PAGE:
Amid sequestration budget cuts that threatened national security and shut down White House tours for the kids, the National Institutes of Health didn’t lose one single dime.
In fact, the NIH just got done requesting a whopping $31.331 BILLION dollars for 2014, a $471 million increase from 2012.
In a fact sheet, the White House explains why cutting the NIH budget would be a terrible blow to America:
The National Institutes of Health (NIH) would be forced to delay or halt vital scientific projects and make hundreds of fewer research awards. Since each research award supports up to seven research positions, several thousand personnel could lose their jobs. Many projects would be difficult to pursue at reduced levels and would need to be cancelled, putting prior year investments at risk. These cuts would delay progress on the prevention of debilitating chronic conditions that are costly to society and delay development of more effective treatments for common and rare diseases affecting millions of Americans.
Not that many of us can even begin to fathom what that much money looks like, but just out of curiosity, what does $31 billion in “vital” National Institute of Health projects buy these days?
For starters, have you ever been deeply concerned with the effects of cocaine on the sexual habits of the Japanese quail? I know that’s a pressing scientific question right at the top of my vital research list. Okay, you got me, that was sarcasm. Apparently the NIH however is serious and shares this concern to the tune of $157,351 for a study on it called, “Enhancement of Sexual Motivation.”
I did a quickie random search just to see what else I could find. Here’s a fun smattering of goodies checked off the NIH research shopping list.
- “Away from Home and Out of School” (Rand Corporation: see below) — $718,389
- “Stratial Dopamine Release in Response to UV Light in Compulsive Tanners” — $214,594
- “The Important of Early Sexual Experiences Among Men Who Have Sex with Men” — $63,000
- “Age Difference in Distress Following Intrusive Thoughts” — $364,802
- “HPV and HTLV Infection in Female Sex Workers in Peru” — $106,123
[/unordered_list] Would the White House care to explain further on how Peru sex workers’ HPV infections ‘effect millions of Americans’ again?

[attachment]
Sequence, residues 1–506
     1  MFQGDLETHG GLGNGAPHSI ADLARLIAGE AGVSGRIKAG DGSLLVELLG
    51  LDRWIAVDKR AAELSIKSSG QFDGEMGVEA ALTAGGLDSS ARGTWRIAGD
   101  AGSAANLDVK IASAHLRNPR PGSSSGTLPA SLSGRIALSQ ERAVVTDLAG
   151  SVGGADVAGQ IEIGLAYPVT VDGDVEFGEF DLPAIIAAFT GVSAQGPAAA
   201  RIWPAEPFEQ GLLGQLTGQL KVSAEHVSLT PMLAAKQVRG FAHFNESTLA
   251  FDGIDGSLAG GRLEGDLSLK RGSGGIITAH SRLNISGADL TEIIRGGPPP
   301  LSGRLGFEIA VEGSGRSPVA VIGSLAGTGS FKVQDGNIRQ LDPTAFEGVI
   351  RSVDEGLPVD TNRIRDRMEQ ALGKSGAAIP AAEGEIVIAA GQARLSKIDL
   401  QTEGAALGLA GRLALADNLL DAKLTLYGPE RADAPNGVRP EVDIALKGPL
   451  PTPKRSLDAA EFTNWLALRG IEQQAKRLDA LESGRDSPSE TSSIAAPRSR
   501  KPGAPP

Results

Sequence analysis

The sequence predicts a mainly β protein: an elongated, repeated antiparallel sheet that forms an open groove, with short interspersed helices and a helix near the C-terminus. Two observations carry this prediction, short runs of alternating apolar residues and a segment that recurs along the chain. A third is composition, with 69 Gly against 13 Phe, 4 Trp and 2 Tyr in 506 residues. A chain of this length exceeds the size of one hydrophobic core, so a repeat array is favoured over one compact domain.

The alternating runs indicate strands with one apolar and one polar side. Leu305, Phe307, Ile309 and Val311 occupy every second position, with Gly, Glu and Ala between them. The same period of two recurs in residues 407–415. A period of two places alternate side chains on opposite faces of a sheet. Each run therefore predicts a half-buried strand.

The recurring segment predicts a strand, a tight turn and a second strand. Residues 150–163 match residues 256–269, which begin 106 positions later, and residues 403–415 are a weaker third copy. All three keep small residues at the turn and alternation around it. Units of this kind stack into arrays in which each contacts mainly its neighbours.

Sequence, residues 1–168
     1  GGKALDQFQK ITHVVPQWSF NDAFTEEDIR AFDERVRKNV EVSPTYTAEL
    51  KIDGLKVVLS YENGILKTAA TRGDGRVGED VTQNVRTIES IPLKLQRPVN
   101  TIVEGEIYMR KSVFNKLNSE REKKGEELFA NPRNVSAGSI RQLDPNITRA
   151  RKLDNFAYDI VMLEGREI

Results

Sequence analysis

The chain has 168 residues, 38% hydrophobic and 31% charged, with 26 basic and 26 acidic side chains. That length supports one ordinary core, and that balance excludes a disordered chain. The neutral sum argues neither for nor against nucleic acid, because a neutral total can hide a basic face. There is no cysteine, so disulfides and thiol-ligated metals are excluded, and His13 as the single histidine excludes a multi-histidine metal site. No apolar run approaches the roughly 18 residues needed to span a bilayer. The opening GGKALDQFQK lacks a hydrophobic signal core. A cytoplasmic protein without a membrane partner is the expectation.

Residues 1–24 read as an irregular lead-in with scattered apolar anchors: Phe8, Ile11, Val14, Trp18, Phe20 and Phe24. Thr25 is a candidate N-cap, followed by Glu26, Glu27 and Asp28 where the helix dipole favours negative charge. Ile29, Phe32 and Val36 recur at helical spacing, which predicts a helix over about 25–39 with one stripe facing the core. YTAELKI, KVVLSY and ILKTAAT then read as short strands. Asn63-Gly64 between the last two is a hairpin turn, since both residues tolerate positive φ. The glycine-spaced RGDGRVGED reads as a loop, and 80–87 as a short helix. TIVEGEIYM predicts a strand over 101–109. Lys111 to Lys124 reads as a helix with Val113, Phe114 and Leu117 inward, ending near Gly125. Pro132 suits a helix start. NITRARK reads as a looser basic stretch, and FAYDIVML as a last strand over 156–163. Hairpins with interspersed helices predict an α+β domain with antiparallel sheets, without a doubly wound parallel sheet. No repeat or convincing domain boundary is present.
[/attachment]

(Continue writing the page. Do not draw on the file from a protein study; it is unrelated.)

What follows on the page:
In big brother-esque fashion, the Rand Corporation study “Away from Home and Out of School” actually tracks adolescent girls via GPS monitors which are described as “unobtrusive devices worn on the wrist or hip” in Minneapolis and San Diego under an ancillary study called “TAAG” aka the Trial of Activity of Adolescent Girls. There’s no way to type any of that without it sounding absolutely creepy.
For a few more seemingly obvious ones, how about a study on how drug-induced arthritis makes rats exercise less or a study on how dieting hamsters choose food over sex? How about research on why guys don’t like to use condoms? Only $423,500! Could distant prayer cure AIDS? The NIH paid $666,000 to find out. (Apparently it could not.) Have you ever wanted to know more about the habits of Chinese sex workers? The NIH was so curious, this topic was part of a $17 million study it funded between 2003 and 2008 alone.
Although it may be rather obvious, I feel the need to mention it anyway: taxpayers pay for this.
Just because, here are a few more that can be found in a condensed version in Senator Coburn’s Wastebook 2012:
- $350,000 for a study that showed golfers’ confidence can be boosted by imagining a bigger hole. (No. Really.)
- $939,771 for a study that found male fruit flies prefer younger female flies over the older ones.
- $666,905 for a study that claimed Watching TV reruns is good for you. (They even used the phrase “energizing”.)
[/unordered_list] Good to know. The list goes on and on and (literally) on. The NIH even funded research which claimed the tea party was a big tobacco creation, a study which NIH Director Francis Collins ended up backtracking on later during congressional testimony.
Why are we paying for this again? Oh yeah, that’s right, the White House says these projects are “vital”.
Far from being essential, many of these studies read like a primer in quack science. Hey! That’s it! How much can we get for a study on the role and prevalence of quack science in modern life (and government coffers)?
The Scientific American attempted to explain why sexed-out quails on smack are an important scientific subjects that can further our knowledge base about blah blah blah, but so are a lot of things, and when so many people across the country are hurting financially and we’ve apparently driven right off the fiscal cliff headfirst, is a tiny smidge of prioritization (and accountability) on the way down really too much to ask?